Software Design by Example 20: Debugger


The penultimate chapter of Software Design by Example explores one of the question that sparked this book: how does an interactive breakpointing debugger work? The first time I saw one in action I was completely baffled. How could the computer stop where I wanted and then keep going? How could it interact with me? Finding out was a lot harder than it should have been: there were (and are) lots of books and courses on compilers and operating systems, but nothing that explained the workings of this magical, powerful tool.

This chapter answers my long-ago questions by building a simple single-stepping debugger It also shows how to create unit tests for interactive applications. That’s a lot to pack into just two thousand words, but most of the ideas have come up before.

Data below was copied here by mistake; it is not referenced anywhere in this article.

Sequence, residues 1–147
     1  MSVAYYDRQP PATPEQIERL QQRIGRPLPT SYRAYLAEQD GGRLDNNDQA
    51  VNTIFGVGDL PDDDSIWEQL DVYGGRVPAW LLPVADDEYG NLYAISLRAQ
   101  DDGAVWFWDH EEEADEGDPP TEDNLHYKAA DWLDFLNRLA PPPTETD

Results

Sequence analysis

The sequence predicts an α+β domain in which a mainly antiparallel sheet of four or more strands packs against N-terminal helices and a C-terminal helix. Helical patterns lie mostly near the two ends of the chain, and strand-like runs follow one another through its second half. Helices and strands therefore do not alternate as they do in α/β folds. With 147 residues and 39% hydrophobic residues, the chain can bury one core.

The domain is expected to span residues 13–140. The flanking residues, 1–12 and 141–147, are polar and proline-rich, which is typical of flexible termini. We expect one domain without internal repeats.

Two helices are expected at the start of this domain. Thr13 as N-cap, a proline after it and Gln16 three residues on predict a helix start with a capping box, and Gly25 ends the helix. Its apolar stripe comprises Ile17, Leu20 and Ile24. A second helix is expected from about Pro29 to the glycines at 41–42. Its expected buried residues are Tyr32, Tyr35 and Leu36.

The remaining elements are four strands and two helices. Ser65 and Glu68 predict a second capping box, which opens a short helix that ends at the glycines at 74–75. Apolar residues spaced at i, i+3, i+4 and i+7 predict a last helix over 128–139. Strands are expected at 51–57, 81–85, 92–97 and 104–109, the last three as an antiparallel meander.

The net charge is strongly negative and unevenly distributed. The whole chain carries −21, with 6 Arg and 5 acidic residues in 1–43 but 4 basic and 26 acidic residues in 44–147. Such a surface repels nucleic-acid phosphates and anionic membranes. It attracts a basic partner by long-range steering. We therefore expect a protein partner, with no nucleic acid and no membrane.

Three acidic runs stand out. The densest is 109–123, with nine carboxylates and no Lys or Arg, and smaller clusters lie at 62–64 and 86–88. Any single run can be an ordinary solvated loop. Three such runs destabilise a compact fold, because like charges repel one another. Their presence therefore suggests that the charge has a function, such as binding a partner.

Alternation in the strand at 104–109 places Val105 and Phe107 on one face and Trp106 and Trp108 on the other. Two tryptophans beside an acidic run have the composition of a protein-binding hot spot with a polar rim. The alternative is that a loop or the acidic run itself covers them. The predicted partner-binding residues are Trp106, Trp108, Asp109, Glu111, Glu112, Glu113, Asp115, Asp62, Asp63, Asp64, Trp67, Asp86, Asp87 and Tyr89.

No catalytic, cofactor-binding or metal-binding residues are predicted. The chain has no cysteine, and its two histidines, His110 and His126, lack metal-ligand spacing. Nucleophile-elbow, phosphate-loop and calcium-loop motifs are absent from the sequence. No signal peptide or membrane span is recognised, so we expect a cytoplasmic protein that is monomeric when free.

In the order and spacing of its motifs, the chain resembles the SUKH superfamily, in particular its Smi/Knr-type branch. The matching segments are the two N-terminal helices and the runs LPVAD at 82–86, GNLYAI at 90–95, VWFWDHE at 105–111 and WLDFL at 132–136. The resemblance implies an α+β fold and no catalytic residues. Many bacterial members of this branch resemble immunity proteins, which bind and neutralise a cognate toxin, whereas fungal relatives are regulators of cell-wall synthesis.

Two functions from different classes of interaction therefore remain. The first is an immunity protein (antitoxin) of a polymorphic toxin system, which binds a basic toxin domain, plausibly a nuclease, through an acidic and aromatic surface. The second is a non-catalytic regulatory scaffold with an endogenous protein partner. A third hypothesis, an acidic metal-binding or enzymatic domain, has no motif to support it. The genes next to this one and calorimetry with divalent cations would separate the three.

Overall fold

I’m pleased that I was able to answer my younger self’s questions. However, I’m still annoyed by the way debuggers are mostly left out of the curriculum. Of the forty-odd students I interviewed for software engineering intern positions last year, fewer than a dozen knew how to set a breakpoint in an IDE. Andreas Zeller’s The Debugging Book has a very informative chapter, and I recommend the whole book to every working programmer, but I’ll believe our profession is serious about building code that works when every undergraduate computer science program has a full-semester course on how to use tools to find and fix bugs.

Testing interactive application
Figure 20.2: Replacing input and output to test interactive applications.

Terms defined: breakpoint, source map, tab completion, watchpoint.